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Software Architecture: Why and When?

Synopsis

In this blog post we're going to cover where architecture fits in the new world of agile development and why it is still required.

What is Software Architecture?

It's best described by making use of an analogy.

I have a problem: I need an office..

The Architect helps me to formulate what I need versus the budget I have; how many people?  how many desks?  what facilities etc.  Then they design the structure in a formal fashion so any Builder/Developer can produce the product.

In IT we typically don't go as far as traditional architects because we're largely interested with flows, the constraints and the solution as a whole.  We want our Developers to utilise their expertise and knowledge to build around the requirements.

But that's not all, in IT Architects help determine risk and costs.  They also understand how the business and IT elements interrelate (and where they don't!).

Why is it important?

In smaller development teams architecture can be managed as part of the development however it often helps to have some form of technical plan/blueprint (let's call it an "outline architecture") to work with so everybody can understand the direction of travel and the common elements.

For larger teams collectively building a solution architecture is very important.  It sets the keystone in place and allows better working practises and concurrency.  Most important it shows how the solution meshes together so individiuals/sub-teams can work on key areas without having to understand all the moving parts.

Architecture also has a massive impact on due dilligence (buying or selling a company or a part of an organisation) processes.  Code is important however how it fits, what the roadmap looks like, how the intellectual property is managed and the flows of information (and money) around those IT assets are as important.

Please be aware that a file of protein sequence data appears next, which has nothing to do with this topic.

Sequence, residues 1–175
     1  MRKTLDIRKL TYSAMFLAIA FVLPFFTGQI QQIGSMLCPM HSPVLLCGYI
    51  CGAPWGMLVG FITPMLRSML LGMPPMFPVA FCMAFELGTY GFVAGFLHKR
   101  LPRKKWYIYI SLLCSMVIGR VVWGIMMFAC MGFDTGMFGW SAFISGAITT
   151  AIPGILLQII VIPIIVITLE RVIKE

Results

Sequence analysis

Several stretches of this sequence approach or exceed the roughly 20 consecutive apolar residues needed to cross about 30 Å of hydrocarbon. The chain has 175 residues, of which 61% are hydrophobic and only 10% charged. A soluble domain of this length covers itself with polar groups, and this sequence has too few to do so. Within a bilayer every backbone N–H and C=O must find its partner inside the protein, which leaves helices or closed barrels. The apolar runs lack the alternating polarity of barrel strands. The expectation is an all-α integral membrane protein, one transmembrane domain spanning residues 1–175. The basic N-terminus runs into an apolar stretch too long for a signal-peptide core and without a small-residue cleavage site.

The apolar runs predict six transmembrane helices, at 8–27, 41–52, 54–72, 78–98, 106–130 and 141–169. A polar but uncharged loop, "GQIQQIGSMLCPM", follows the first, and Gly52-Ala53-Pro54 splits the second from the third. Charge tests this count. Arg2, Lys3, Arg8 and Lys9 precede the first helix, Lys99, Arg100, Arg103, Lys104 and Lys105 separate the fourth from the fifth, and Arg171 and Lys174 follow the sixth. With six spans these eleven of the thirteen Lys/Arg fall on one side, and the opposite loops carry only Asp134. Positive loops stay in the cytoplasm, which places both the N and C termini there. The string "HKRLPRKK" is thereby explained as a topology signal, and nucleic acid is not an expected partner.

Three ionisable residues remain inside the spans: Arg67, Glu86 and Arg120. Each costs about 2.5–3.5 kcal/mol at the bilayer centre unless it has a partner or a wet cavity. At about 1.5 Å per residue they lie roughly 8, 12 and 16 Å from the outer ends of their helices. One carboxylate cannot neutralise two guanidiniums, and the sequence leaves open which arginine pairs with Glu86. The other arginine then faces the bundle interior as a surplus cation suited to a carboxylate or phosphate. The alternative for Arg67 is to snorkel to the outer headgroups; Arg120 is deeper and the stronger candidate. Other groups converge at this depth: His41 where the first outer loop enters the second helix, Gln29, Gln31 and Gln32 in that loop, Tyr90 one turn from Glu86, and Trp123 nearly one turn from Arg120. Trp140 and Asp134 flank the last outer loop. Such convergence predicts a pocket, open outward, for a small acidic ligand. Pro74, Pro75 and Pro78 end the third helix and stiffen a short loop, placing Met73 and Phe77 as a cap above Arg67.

How does it fit with Agile structures?

The most militant agile structures try and remove architecture from the equation.  Unfortunately (in our experience) this leads to a process of re-development and sometimes failures to meet key requirements that aren't considered early on.

A good example is with the creation of a web store.  Creation is easy (so easy that often people start before any planning takes place) but after a few months the tougher stories enter the sprints: how to handle differing VAT/GST structures for example, or variations in discounting and shipping costs dependant on order levels.  These mean large changes to the base code (and the testing and validation that occurs).  Then the bombshell is dropped that transaction rates need to be 10x the current.. suddenly the entire code structure is in question as nobody did the modelling/architecture to ensure that it scales as needed.

Our process with agile is to do some pre-sprint work and map out the base architecture, then utilise architecture as part of each sprint both for better development and also to ensure QA of the code is in line with what's required.  In this way we can de-risk the approach.

Summary

Software Architecture is probably more important than ever: building your foundations from a solid bedrock (and ensuring quality within your process) is the key to scaling, delivering on time and getting what you really want.

About the author

Stuart Muckley

Stuart Muckley

I’ve been a programmer and IT enthusiast for 30 years (since the zx spectrum) and concentrated on AI (neural nets & genetic algorithms) at University. My principle skills are concentrated on Enterprise and Solution Architecture and managing effective developer teams.

I enjoy the mix between technical and business aspects; how technology enables and how that (hopefully) improves profit/EBITDA & reduces cost-per-transaction, the impact upon staff and how to remediate go-live and handover, and risk identification and mitigation. My guiding principle is “Occams Razor” that simplicity is almost always the best option by reducing complexity, time to build, organisational stress and longer term costs.

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